Cardio for fat loss and The Law of Diminishing Returns
What a contentious issue cardio is. Do you do short high intensity sessions, long steady sessions, morning cardio, post workout cardio, cardio in a fasted state, in your "target heart rate zone".....? The area of cardiovascular exercise as a tool for effective fat loss is a hotly debated topic among coaches and athletes worldwide and can be as confusing as my old university physics professor.
However a rarely acknowledged facet of cardio for fat loss is what I like to call The Law of Diminishing Returns or "the more you do the less you get" theory.
You see you're not designed to have crisp, visible abs and a slim, tight butt. Oh no, your body wants a nice soft, blubbery coating of fat just in case you get lost in the bush while hunting woolly mammoths. You need the fat so that you don't starve to death while trying to find your way back to the cave. What's that you say, you don't hunt mammoths for dinner, you go to the refrigerator? Well your metabolism doesn't know that, for as far as it's concerned you are still a Stone Age hunter-gatherer and survival of the species is your main concern.
Game show or reality?
Which brings me to what I see as the biggest problem with cardio and fat loss - your fat loss has stopped from too cardio much, too soon. People usually come to me when their fat loss has stalled or they are at the end of their tether after years of yo-yo dieting. And what's the first thing you do to keep up the fat loss? Increase the time, intensity and number of cardio sessions, right? After all that's what the trainers do to the contestants on The Biggest Loser.
Well I'm here to tell you that's all wrong!
If you are doing an hour of cardio in the morning, six days a week and cardio at night after your weights workout (or step class / boxercise / spin class), and you haven't reached your fat loss goals, how are you going to increase your cardio? Where do you go from there? Three hours a day, seven days a week? You'll have to quit work and divorce your family just to find time for your cardio.
As well as the time factor you have to take into consideration a host of feed-back mechanisms and hormones, developed over millions of years of evolution, fighting to keep you fat. You have built in warning signals that are triggered when energy supplies are low, fat stores are being depleted and when you are tired, sore and cranky.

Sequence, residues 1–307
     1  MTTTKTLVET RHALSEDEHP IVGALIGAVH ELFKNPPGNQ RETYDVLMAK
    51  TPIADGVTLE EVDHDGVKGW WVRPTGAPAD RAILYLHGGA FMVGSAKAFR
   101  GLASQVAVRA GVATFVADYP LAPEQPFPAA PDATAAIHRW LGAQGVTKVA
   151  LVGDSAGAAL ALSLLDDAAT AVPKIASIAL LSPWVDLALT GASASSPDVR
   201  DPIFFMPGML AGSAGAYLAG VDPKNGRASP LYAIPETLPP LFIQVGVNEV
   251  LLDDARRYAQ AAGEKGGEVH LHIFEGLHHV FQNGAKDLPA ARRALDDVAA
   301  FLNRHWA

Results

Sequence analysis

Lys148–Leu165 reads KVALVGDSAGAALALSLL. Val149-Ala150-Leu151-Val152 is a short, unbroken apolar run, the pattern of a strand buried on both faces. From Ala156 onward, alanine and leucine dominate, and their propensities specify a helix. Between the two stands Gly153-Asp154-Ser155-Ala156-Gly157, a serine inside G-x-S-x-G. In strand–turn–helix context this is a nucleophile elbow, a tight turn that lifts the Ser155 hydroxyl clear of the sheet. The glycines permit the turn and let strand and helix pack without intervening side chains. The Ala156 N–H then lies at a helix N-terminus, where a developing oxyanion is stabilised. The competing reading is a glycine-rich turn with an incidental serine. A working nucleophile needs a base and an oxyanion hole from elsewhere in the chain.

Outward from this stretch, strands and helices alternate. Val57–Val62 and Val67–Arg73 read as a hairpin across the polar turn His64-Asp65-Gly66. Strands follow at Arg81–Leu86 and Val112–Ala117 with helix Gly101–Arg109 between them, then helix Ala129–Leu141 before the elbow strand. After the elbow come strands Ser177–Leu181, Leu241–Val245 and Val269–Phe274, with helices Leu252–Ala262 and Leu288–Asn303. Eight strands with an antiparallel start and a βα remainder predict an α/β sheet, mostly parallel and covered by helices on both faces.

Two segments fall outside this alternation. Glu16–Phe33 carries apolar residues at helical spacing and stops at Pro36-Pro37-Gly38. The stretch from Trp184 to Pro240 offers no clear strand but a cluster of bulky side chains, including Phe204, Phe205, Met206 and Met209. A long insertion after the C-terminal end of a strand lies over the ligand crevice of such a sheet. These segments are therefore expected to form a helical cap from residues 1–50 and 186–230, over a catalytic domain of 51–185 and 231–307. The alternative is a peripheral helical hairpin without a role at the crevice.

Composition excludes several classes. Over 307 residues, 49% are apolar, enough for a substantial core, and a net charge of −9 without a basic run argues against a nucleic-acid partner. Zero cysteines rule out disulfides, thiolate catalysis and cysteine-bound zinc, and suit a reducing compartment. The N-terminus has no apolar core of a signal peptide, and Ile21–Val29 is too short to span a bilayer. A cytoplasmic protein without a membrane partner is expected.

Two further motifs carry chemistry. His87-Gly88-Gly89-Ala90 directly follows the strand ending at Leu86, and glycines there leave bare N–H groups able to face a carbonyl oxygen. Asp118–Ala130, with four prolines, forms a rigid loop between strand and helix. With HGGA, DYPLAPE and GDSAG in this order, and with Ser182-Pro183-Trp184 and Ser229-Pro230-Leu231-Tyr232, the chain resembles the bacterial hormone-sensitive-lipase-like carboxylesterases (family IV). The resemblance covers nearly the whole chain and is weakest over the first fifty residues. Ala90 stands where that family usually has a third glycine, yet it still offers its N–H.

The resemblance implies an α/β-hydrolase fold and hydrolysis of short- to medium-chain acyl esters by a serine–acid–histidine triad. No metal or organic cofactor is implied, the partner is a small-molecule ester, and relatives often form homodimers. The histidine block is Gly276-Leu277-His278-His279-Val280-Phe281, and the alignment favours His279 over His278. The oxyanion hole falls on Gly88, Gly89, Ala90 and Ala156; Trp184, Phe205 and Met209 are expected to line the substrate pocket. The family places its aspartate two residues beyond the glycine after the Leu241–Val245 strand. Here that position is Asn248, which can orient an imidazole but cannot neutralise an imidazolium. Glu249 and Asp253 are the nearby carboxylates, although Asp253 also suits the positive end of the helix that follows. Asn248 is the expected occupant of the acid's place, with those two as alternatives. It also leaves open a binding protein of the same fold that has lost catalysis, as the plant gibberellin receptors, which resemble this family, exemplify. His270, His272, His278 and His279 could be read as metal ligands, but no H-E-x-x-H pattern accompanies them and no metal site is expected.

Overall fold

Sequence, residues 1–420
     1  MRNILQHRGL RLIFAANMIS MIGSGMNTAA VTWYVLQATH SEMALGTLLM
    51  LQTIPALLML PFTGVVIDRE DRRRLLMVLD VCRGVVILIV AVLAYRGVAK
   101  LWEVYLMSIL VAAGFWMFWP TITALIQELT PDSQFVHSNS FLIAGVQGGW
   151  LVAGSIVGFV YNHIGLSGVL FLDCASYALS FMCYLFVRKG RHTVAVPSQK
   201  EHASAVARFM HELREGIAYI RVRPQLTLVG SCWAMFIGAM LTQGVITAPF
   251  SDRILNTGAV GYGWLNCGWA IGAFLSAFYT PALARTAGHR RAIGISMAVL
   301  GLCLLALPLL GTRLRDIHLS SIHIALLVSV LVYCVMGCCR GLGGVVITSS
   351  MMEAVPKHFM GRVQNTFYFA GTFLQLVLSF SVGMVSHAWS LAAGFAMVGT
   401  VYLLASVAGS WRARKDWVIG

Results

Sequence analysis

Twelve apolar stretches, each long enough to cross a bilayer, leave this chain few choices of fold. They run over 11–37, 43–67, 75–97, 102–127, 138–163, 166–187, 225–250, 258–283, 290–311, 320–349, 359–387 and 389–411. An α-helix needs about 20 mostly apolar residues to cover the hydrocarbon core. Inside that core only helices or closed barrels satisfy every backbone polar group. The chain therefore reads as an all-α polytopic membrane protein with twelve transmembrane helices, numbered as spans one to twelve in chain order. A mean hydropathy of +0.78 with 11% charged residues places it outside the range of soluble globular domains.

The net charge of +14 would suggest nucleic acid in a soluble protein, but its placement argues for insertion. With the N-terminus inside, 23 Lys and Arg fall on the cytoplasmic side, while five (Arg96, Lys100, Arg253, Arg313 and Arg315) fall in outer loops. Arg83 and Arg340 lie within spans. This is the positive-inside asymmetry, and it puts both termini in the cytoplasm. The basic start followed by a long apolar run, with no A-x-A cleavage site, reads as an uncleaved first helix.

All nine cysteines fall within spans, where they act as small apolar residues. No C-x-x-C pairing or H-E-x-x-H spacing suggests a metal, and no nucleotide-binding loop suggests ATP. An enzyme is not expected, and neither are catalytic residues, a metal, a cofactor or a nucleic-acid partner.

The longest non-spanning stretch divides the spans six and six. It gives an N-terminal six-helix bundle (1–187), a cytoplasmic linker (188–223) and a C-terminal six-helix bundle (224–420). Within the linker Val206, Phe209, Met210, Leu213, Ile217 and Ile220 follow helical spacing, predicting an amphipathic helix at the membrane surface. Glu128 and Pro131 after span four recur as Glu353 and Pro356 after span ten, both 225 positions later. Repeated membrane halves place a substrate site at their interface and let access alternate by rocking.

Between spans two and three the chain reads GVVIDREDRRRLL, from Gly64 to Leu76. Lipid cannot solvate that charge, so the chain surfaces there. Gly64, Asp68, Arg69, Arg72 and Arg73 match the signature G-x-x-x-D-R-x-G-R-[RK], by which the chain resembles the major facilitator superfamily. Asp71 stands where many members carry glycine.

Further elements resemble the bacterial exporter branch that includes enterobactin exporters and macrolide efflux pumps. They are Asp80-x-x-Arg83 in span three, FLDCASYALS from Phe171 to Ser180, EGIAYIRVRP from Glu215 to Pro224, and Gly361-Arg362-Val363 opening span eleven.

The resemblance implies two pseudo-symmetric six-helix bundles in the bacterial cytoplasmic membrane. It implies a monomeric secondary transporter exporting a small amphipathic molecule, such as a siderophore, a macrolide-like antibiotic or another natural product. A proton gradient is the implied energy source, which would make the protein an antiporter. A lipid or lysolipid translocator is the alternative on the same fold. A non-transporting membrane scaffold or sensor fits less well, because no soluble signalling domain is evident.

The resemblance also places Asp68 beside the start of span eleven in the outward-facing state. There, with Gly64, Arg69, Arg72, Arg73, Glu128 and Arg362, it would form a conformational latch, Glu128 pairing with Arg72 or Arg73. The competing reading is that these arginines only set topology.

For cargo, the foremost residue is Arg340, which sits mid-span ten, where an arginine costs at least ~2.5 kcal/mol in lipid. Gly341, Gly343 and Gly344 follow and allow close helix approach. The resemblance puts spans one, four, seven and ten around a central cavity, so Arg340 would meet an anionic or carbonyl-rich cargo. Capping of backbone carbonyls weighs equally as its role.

That's when these feed-back mechanisms and hormones sabotage all your efforts, telling you to overeat and making your metabolism slow down. The result is your fat loss stops, or worse still, you gain weight. Hence, The Law of Diminishing Returns.
Develop a simple plan and stick to it
But don't worry, all is not lost. You can beat The Law of Diminishing Returns with a simple plan. All you have to do is "control the variables"- diet, cardio and weight training. You need to be constantly monitoring what you are eating (remember calories in calories out); how much cardio you do and how long you are doing it for and, your progress in the weight room.
When I prepare a plan for a new client I want to start them off eating the maximum amount of food possible, doing the minimum amount of cardio and all the while seeing significant fat loss. Cardio may be as little as 20 minutes three times per week when calories are being closely controlled. That way when the fat loss slows or stops we can make gradual increases in cardio time or intensity.
Granted, if we were to jump straight into an hour a day of cardio there certainly would be significant fat loss. But as I explained earlier, that one hour will not be enough in a few weeks time. And where to from there?
By using a minimum amount of cardio at the start of the diet we have a number of options to keep fat loss efforts on track. We can make a small increase in time; increase intensity; add another session or choose a more difficult form of cardio to increase energy expenditure.
Monitoring your progress is as simple as a one line entry in a training journal noting the day, time, intensity, type and duration of your cardio. Coupled with your calorie controlled diet, overcoming The Law of Diminishing Returns is as simple as developing a plan and sticking to it.